New paths, new problems

Published November 13, 2022

Illustration of a circle made up of speech bubbles, each with ‘hello’ in a different language

Duolingo have been rolling out a new format to their free language learning app, with a more structured approach than previously. I’ve been using the app on and off for years, and have loved it, it’s been my go to for language learning. The new path rolled out to me this month, as it did to most others, having been in testing and beta for a while, and the reaction has been… mixed would be polite, negative would be more truthful.

I don’t mind it. Some of the elements have moved around and will take a bit of getting used to, but that’s okay. I actually think the increased structure of the course will be beneficial to me, because I’d reached a bit of a plateau where progress was slow because it was getting hard, and I kept dipping back to easier lessons just to keep my streak up. Now there’s not so much on offer, you just have to dive in and take the next lesson in line, which is a bit more of a motivation to keep on ploughing through. There’s science behind it, the Duolingo team research what they’re doing very thoroughly, and have worked on what helps to cement learning in your mind, revisiting topics at the right point, and mixing things up with the different styles - Lessons, Stories, Revision - all baked right into the path.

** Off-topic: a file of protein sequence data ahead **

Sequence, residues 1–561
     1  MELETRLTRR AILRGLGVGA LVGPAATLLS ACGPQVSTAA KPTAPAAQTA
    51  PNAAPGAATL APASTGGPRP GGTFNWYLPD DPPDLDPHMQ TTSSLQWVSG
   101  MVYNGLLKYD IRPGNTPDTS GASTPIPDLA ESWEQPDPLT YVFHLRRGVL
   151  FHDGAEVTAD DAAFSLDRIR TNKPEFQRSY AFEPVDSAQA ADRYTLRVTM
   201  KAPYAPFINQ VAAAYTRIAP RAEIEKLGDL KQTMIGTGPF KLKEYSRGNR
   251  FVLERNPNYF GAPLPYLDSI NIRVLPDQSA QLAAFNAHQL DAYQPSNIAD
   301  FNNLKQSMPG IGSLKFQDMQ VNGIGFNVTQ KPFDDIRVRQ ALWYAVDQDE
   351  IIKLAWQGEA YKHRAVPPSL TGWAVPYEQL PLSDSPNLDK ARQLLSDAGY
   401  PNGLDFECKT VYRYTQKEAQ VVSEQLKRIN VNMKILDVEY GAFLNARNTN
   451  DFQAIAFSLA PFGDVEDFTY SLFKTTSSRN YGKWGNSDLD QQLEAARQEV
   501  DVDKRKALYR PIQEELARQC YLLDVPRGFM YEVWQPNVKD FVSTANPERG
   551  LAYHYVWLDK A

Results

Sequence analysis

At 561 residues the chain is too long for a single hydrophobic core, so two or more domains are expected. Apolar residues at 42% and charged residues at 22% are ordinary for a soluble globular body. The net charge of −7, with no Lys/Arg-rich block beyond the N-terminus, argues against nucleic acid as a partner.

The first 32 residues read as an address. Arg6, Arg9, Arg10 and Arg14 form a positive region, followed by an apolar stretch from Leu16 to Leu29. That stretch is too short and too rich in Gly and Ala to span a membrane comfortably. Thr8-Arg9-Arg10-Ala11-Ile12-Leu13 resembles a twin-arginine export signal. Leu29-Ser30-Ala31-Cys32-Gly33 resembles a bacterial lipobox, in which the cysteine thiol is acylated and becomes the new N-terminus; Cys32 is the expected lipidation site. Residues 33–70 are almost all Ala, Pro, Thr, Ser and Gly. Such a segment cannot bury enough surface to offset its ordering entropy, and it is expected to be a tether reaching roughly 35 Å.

But I can see why people aren’t happy. What it’s really done is taken away the element of flexibility and freedom to choose what you do and where you go next. It was always a bit of a debate whether the best way was to do one lesson at a time, max it out to its full potential before moving on to the next, or whether you should have a few on the go, and gradually complete them. The freedom was there to learn how best suited you… but as I say, the structure was missing to really push you on in the right path.

It’s always difficult when apps change. Duolingo is fundamentally a free app but there’s a paid tier, a pretty expensive one, that means some users have every right to air their frustrations over the change in direction. But ultimately the changes are being made for the right reasons, and I can only assume they’ve had good feedback as well as the voluble negativity otherwise things would have changed more drastically since the beta.

And there are lots of other language learning apps out there. I’m sticking with Duo for a while, but if it ends up that I don’t like the new path so much, I’m excited to see what else is out there.

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